Yet another object of the present invention is to provide a device for carrying a load above the cab of a pickup truck, wherein said device is quickly and easily removed.
Still a further object of the present invention is to provide a unique driving mechanism for moving a load-bearing platform from a position adjacent the ground to a position above a passenger vehicle.
FIG. 1 discloses a motor vehicle having the inventive carrying device in the position for storage and transport, the actual load carrying platform being removed for clarity.
FIG. 2 shows a method of securement of the rear end of the invention to the bed of a pickup truck.
FIG. 3 depicts the inventive device having the platform partially extended.
FIG. 4 is yet another view of the platform partially extended.
FIG. 5 is a front end view of the platform partially extended.
FIG. 6 is a front end view disclosing the drive mechanism.
FIG. 7 is a view disclosing the interaction of the drive mechanism with the support mechanism
FIG. 8 is an exploded view depicting the attachment of the inventive device to the front of the vehicle.
FIG. 9 is an exploded view showing the securement of the inventive device behind the cab of the vehicle.
FIG. 10 depicts the inventive device in the process of removal or attachment.
FIG. 11 shows the inventive device removed from the vehicle.
As seen in FIG. 1, the present invention is mounted to a pickup truck, but could as easily be mounted to another type of motor vehicle. In FIG. 1, the present invention is secured to a pickup truck T and comprises a pair of arcuate tubular members 2, 4 which lie in parallel planes and are secured to the front of the vehicle as at 6, including a structural horizontal member 8 which extends between the ends of the arcs 2, 4. The rear of the arcuate members 2, 4 are supported in the bed of the truck T by means to be explained hereinafter, but as seen in this view are uprights 10, 12, 14, 16 topped by a crossbar 18. Further seen in this view is a rectangular load-supporting framework 20 having parallel side members 22, 24, exterior end member 26 including rollers 28, and at the rearward end of the frame is the driving mechanism generally designated as 30.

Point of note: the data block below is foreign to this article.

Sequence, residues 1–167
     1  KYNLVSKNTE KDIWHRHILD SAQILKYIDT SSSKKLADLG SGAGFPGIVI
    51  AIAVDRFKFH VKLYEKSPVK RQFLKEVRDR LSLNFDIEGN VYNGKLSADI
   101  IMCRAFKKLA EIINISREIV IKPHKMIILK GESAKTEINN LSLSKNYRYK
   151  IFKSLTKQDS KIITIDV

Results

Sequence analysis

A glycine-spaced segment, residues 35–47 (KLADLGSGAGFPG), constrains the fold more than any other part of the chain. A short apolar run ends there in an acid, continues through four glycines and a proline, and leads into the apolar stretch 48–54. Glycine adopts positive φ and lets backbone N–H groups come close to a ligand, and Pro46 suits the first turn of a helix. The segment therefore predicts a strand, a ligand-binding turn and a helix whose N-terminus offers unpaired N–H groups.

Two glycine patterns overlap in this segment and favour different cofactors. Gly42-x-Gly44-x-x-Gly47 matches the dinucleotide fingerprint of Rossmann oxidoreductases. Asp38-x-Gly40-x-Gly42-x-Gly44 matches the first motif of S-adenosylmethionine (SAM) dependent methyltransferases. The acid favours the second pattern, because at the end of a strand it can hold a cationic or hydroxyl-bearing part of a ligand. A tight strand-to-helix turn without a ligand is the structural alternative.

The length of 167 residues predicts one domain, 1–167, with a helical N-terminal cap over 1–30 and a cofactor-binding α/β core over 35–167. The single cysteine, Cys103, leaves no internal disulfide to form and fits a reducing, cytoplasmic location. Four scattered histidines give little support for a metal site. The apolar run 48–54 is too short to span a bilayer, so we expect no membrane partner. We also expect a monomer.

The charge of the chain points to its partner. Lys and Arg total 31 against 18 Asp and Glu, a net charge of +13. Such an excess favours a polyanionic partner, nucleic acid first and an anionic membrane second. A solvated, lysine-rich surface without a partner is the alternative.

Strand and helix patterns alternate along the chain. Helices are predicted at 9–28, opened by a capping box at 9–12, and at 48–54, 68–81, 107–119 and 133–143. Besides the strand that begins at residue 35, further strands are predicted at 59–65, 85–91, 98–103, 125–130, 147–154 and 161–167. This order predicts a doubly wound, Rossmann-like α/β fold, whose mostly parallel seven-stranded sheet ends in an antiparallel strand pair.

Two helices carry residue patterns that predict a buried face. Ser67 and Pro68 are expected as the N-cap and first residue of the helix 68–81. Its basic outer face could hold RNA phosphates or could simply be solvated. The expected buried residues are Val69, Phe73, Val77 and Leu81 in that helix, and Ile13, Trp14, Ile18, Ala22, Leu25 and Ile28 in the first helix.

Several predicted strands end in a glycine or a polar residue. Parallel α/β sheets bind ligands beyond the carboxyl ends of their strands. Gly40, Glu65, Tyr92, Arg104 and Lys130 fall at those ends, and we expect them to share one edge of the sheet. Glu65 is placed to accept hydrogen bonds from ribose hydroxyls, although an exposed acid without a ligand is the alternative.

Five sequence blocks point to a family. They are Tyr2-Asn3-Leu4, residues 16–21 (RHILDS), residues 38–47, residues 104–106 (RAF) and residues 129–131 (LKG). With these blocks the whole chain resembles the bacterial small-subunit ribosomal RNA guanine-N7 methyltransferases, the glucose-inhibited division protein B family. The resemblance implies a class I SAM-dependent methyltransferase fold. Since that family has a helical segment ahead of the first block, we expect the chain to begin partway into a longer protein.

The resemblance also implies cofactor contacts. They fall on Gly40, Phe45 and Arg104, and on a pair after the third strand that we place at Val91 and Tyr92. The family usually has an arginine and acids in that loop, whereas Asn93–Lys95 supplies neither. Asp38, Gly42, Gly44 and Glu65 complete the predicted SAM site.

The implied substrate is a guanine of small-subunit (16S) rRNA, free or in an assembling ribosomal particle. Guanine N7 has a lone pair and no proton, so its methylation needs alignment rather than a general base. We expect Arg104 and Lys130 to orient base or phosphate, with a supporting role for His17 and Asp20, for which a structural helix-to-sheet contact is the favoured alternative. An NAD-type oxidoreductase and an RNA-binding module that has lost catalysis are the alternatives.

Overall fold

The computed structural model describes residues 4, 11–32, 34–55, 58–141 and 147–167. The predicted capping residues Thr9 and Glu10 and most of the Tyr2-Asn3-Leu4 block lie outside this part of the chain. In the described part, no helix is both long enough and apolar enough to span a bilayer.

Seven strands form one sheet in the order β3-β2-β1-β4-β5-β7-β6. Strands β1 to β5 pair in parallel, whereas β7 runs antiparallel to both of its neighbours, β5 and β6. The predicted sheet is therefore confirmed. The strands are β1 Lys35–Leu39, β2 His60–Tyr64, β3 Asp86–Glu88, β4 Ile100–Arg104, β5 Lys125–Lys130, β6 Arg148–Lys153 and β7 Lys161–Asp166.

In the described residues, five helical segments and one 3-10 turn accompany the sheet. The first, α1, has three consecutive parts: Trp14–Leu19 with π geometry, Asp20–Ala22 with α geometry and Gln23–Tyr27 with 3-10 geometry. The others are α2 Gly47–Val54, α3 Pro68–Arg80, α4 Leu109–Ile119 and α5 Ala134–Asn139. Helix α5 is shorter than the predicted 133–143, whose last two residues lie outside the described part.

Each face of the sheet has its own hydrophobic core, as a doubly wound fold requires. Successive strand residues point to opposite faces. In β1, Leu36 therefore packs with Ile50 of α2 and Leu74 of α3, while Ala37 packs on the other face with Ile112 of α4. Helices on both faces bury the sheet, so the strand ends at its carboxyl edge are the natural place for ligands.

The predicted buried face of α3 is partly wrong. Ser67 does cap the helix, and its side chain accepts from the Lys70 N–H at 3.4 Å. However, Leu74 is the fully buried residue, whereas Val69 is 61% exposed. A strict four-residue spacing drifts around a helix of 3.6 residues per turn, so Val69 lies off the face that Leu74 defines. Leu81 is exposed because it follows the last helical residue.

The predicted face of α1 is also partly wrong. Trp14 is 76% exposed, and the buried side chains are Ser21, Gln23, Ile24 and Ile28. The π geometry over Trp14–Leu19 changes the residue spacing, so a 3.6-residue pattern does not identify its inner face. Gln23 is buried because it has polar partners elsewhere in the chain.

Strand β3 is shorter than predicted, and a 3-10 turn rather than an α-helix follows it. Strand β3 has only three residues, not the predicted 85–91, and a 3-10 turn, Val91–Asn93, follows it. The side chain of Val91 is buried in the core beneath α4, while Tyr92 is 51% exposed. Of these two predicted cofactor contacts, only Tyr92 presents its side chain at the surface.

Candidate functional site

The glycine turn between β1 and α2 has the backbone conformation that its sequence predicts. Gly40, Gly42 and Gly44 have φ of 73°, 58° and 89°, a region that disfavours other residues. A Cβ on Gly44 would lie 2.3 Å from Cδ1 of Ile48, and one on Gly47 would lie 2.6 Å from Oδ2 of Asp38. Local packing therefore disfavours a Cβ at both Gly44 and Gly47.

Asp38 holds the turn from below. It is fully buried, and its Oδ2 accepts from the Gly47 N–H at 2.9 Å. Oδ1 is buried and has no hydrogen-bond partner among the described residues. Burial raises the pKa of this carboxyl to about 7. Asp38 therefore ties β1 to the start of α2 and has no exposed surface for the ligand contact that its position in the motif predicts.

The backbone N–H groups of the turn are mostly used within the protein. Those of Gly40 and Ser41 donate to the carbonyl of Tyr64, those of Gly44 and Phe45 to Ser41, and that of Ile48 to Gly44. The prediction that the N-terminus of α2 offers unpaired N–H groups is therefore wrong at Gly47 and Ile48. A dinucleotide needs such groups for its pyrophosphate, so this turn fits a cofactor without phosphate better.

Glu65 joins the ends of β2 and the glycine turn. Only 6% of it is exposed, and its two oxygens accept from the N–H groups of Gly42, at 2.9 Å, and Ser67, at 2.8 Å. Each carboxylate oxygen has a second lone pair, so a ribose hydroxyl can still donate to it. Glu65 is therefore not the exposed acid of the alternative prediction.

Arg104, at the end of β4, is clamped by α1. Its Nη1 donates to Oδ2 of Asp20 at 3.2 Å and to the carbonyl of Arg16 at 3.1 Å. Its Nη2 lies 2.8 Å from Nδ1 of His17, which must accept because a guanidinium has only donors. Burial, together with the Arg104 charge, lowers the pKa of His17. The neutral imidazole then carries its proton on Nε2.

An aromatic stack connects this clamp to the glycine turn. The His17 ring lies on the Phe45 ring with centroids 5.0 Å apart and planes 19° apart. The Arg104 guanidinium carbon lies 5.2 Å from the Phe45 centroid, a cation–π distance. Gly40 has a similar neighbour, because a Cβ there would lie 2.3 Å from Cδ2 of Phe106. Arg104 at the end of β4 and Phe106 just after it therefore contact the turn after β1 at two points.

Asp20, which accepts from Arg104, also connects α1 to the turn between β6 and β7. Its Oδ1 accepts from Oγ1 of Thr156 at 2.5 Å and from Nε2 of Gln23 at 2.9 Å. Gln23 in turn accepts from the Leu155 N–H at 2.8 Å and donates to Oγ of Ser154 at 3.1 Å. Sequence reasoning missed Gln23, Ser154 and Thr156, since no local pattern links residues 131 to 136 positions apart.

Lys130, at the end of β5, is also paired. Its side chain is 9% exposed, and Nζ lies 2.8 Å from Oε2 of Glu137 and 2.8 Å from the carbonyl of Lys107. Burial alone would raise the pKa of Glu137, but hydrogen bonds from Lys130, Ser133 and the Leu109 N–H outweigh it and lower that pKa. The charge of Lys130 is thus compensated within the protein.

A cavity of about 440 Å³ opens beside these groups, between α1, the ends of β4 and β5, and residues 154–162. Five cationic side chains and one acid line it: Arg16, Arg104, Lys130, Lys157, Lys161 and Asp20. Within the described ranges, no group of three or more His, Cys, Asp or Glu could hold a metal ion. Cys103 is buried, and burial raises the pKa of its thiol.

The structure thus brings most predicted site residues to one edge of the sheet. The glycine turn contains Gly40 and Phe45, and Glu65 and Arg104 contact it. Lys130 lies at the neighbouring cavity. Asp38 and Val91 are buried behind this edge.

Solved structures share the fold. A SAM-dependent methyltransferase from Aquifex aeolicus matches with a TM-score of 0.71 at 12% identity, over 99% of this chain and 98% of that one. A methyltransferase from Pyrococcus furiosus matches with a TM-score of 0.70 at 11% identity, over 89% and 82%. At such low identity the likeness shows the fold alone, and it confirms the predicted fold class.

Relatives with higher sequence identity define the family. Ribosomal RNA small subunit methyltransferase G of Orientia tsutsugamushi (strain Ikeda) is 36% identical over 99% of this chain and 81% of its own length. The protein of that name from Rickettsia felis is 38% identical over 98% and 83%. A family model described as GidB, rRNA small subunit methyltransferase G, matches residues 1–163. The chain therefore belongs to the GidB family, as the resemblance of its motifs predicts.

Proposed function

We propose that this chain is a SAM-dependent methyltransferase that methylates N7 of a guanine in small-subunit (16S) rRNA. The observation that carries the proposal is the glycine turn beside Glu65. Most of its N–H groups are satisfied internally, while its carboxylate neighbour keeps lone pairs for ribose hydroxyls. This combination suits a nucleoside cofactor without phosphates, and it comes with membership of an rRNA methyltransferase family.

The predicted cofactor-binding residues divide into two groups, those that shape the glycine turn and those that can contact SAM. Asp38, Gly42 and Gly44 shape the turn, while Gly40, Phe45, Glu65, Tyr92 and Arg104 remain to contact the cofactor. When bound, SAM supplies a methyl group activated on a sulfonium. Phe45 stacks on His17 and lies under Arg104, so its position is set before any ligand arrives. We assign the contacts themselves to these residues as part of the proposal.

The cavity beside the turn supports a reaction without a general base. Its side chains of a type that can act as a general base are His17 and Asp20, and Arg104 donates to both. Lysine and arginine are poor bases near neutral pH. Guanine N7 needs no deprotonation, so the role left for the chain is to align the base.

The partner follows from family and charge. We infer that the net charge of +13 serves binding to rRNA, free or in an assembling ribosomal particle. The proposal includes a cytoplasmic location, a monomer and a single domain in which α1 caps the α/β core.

Reference is now had to FIG. 2, wherein the rear end of the inventive track system can be seen. As seen in this view, track 2 is secured to crosspiece 18, which in turn is supported by uprights 10 and 12, which are bent into horizontal portion 32, braced by angular brace 34, and secured to crosspiece 18. Also to be seen in this view is a plurality of sequential holes in a flange 36 secured to arcuate member 2, for reasons to be disclosed hereinafter.